Effect of major liver resection on hepatic ureagenesis in humans.

M.C. van de Poll*, S.J. Wigmore, D.N. Redhead, R.G. Beets Tan, O.J. Garden, J.W. Greve, P.B. Soeters, N.E. Deutz, K.C. Fearon, C.H. Dejong

*Corresponding author for this work

Research output: Contribution to journalArticleAcademicpeer-review

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Changes in hepatic ureagenesis following major hepatectomy are not well characterized. We studied the relation between urea synthesis and liver mass before and after major hepatectomy in humans. Fifteen patients scheduled for resection of malignancies in otherwise healthy livers were studied. Pre- and postoperative liver volume was assessed by computerized tomography- volumetry. During surgery, a primed, continuous infusion of [ C-13] urea was administered intravenously, and arterial blood samples were obtained hourly. Indocyanine green clearance was determined before and after resection. Seven patients underwent major hepatectomy, and eight patients underwent minor [<5% functional liver volume ( total volume - tumor volume)] or no resection, serving as controls. Resected functional liver volume in the major hepatectomy group averaged 60%. Urea synthesis per gram of functional liver tissue increased 2.6- fold following major hepatectomy, maintaining whole body urea synthesis. Arterial ammonia remained unchanged throughout the study, whereas following hepatectomy a hyperaminoacidemia occurred. In conclusion, immediately following major hepatectomy, urea synthesis per gram of functional liver tissue increases rapidly and proportionately to the amount of liver tissue resected, maintaining whole body urea synthesis at preoperative levels. This rapid and complete adaptation suggests that the capacity of urea synthesis is not limiting the maximum resectable volume in otherwise healthy livers.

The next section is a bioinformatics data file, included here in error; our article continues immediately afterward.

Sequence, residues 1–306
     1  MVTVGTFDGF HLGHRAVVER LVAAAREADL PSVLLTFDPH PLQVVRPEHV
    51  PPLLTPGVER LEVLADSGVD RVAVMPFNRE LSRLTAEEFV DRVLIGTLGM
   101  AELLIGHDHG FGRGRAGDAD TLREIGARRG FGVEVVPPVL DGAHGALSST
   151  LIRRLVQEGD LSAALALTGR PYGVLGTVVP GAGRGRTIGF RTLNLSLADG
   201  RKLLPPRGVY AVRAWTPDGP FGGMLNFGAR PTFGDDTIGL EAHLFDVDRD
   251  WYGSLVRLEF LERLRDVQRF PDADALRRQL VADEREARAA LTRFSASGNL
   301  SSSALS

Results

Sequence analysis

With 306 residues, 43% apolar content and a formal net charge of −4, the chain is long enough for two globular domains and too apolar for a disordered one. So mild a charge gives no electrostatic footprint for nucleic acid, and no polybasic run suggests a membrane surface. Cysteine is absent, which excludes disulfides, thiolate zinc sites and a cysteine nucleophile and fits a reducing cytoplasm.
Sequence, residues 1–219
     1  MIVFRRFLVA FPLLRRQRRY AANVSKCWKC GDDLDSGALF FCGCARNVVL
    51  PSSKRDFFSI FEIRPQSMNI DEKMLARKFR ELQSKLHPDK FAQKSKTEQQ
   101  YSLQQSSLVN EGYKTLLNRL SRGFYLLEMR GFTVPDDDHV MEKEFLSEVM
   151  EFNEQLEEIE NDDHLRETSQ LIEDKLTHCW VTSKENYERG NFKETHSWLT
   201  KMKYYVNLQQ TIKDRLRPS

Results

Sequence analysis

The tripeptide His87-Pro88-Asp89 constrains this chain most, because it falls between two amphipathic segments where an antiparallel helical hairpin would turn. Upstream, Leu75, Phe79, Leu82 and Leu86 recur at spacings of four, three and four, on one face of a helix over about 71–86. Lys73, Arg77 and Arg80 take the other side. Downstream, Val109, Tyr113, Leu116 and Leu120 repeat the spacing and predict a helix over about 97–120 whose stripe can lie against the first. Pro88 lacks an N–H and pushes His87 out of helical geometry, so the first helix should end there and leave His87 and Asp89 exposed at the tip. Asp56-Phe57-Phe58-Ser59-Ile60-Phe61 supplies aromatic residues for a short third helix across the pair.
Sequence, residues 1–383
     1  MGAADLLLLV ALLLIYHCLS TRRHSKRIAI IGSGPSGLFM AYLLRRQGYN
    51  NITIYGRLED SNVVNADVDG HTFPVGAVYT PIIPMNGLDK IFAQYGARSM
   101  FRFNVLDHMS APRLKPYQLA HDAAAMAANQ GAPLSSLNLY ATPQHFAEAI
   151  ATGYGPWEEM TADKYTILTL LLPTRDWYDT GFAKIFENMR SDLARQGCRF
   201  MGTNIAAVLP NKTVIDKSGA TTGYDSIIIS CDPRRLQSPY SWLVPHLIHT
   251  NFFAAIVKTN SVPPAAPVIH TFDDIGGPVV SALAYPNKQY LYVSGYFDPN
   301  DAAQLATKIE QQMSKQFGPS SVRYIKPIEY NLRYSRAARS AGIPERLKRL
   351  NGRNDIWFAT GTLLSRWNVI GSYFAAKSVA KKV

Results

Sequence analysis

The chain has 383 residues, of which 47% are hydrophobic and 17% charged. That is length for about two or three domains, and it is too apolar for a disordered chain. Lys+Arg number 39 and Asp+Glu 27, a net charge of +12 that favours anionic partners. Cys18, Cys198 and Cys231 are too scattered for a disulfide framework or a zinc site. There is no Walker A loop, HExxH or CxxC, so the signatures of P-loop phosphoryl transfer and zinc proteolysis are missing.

Original languageEnglish
Pages (from-to)G956-G962
JournalAmerican Journal of Physiology-Gastrointestinal and Liver Physiology
Issue number5
Publication statusPublished - 1 Jan 2007

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